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Expand chart
Data: Q1 2010–Q1 2015 from U.S. Government Accountability Office, Jan. 1, 2016–Nov. 9, 2017 from Elsevier; Chart: Harry Stevens/Axios

Generic erythromycin, an antibiotic, saw price hikes every year from 2010 to 2017, ultimately ending up roughly 50 times more expensive than it started. It's not alone.

The market-based solution to this problem would be for a new company to start manufacturing those drugs. Often, however, there's a market failure, and the drugs remain hard to find or exorbitantly expensive for years.

At any given time, roughly 200 drugs fulfill four criteria:

  • They're available in generic form.
  • Like erythromycin, they're on the World Health Organization's list of essential medicines.
  • Their price has increased by more than 50%, in a way underlying market conditions can't justify.
  • They have suffered shortages that have harmed patients.

Enter Civica Rx, a nonprofit that intends to solve the problem by not making any money at all.

  • Civica is a consortium of seven hospital groups and three philanthropies. They've each already donated $1 million to the nonprofit, and have pledged to make at least $9 million more in loans, if necessary. That's total funding of $100 million.
  • Its hospital members can enter into a multi-year binding contract to buy large quantities of any given drug. That gives Civica, as a drug manufacturer, a lot of certainty when it comes to future demand.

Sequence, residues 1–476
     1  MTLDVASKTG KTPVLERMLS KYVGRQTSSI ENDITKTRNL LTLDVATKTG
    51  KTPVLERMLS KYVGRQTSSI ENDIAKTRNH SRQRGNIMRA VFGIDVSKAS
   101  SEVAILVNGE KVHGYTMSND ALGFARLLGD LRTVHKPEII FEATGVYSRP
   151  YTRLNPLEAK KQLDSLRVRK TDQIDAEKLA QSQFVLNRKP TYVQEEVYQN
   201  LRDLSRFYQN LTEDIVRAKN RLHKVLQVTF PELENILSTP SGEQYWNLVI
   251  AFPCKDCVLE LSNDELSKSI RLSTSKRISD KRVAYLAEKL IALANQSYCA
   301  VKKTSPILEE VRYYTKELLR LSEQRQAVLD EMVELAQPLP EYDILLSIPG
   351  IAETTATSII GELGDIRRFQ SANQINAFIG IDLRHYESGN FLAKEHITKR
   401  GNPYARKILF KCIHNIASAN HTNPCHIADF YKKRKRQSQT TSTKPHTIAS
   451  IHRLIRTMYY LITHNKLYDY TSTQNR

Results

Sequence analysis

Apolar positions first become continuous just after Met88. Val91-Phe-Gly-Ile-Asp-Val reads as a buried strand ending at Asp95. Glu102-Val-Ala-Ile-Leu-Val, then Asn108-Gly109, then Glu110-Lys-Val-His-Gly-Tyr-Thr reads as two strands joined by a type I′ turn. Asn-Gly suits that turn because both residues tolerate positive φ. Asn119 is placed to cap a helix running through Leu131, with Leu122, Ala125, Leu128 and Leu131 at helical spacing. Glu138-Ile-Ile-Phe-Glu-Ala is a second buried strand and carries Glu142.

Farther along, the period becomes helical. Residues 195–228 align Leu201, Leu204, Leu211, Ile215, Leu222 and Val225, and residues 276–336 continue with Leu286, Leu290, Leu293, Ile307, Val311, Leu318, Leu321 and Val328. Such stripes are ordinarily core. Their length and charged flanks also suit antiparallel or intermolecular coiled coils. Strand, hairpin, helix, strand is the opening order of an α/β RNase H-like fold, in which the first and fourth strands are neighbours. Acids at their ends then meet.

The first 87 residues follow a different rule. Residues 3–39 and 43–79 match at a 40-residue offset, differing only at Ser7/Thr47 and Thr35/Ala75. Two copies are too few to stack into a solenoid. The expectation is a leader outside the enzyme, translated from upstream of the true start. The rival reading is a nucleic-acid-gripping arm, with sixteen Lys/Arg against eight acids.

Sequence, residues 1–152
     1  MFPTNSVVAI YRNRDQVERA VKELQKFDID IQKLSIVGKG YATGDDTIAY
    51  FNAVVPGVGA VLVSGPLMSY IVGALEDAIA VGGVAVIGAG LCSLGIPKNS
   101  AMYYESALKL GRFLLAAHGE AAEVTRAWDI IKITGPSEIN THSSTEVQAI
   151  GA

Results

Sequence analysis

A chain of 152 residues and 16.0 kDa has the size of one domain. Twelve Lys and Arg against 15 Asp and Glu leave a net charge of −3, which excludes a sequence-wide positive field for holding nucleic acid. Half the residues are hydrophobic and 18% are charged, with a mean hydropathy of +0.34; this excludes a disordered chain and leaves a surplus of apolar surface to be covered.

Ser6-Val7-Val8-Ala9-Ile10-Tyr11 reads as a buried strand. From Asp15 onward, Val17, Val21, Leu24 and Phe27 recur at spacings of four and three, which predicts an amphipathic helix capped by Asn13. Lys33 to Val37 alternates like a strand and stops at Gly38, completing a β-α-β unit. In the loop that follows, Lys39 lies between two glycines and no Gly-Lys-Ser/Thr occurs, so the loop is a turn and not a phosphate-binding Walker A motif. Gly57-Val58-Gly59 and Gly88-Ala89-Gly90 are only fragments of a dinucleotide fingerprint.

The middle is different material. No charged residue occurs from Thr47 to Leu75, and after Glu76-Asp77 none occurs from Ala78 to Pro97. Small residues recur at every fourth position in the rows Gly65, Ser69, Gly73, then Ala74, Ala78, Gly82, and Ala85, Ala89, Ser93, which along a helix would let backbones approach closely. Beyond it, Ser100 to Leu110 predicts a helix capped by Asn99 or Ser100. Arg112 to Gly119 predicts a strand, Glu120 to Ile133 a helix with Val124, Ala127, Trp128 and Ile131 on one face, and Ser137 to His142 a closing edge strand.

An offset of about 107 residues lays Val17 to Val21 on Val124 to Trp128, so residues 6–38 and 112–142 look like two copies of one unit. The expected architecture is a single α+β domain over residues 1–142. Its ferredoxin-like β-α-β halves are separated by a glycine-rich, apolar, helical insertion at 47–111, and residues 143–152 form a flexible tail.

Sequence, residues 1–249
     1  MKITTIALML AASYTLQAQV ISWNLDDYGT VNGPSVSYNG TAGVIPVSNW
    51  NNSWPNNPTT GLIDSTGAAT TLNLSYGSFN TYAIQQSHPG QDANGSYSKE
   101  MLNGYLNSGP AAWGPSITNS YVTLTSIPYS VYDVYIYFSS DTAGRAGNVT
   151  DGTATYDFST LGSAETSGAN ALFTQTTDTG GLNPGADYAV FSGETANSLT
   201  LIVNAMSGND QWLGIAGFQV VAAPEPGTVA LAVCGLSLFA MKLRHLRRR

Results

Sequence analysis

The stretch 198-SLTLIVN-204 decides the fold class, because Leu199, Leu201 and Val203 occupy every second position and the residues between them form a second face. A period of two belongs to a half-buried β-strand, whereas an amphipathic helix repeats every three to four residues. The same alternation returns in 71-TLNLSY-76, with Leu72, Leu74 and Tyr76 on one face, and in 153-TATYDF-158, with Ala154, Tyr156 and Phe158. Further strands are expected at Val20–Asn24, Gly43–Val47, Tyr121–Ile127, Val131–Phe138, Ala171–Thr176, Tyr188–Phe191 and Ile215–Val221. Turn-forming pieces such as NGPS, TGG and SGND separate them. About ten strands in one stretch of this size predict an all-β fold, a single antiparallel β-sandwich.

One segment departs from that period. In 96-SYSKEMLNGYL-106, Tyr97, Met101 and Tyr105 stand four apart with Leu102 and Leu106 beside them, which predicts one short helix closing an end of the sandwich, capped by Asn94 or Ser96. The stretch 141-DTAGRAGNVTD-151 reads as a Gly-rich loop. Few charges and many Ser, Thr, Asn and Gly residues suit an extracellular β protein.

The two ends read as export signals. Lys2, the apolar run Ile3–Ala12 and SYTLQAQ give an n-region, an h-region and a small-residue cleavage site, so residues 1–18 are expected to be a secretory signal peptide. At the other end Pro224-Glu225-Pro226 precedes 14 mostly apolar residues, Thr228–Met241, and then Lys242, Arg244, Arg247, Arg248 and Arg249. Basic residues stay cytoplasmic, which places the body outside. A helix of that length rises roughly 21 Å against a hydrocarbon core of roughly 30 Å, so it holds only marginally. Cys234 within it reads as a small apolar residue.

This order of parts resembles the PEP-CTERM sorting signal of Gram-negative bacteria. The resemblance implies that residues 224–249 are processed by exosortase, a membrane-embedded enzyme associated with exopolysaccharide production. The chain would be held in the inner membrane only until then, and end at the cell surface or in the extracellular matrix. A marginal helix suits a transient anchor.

• Civica then contracts with its own vendors, locking in drug supplies for many years.

"Most generic manufacturers will never even run into us," says Dan Liljenquist, Civica's chairman.

  • Civica is not a danger to the generic drug industry; it will operate only as a manufacturer of last resort in the rare cases where that industry has experienced market failure.
  • "We don’t need to fix the whole market," Liljenquist tells Axios, "because the whole market’s not broken."

Expect to see Civica's first drugs hitting the market as early as the second quarter of 2019.

Go deeper: Read the rest of Axios' Deep Dive on prescription drug prices

Go deeper

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Rahm Emanuel floated for Transportation secretary

Rahm Emanuel. Photo: Joshua Lott for The Washington Post via Getty Images

President-elect Biden is strongly considering Rahm Emanuel to run the Department of Transportation, weighing the former Chicago mayor’s experience on infrastructure spending against concerns from progressives over his policing record.

Why it matters: The DOT could effectively become the new Commerce Department, as infrastructure spending, smart cities construction and the rollout of drone-delivery programs take on increasing economic weight.

6 hours ago - Politics & Policy

Biden turns to experienced hands for White House economic team

Illustration: Sarah Grillo/Axios

Joe Biden plans to announce Cecilia Rouse and Brian Deese as part of his economic team and Neera Tanden to head the Office of Management and Budget, sources tell Axios.

Why it matters: These are experienced hands. Unveiling a diverse group of advisers also may draw attention away from a selection of Deese to run the National Economic Council. Some progressives have criticized his work at BlackRock, the world's largest asset management firm.

Biden taps former Obama communications director for press secretary

Photo: Mark Makela/Getty Images

Jen Psaki, who previously served as Obama's communications director, will serve as President-elect Joe Biden's press secretary, the transition team announced Sunday.

The big picture: All of the top aides in Biden's communication staff will be women, per the Washington Post, which first reported Psaki's appointment.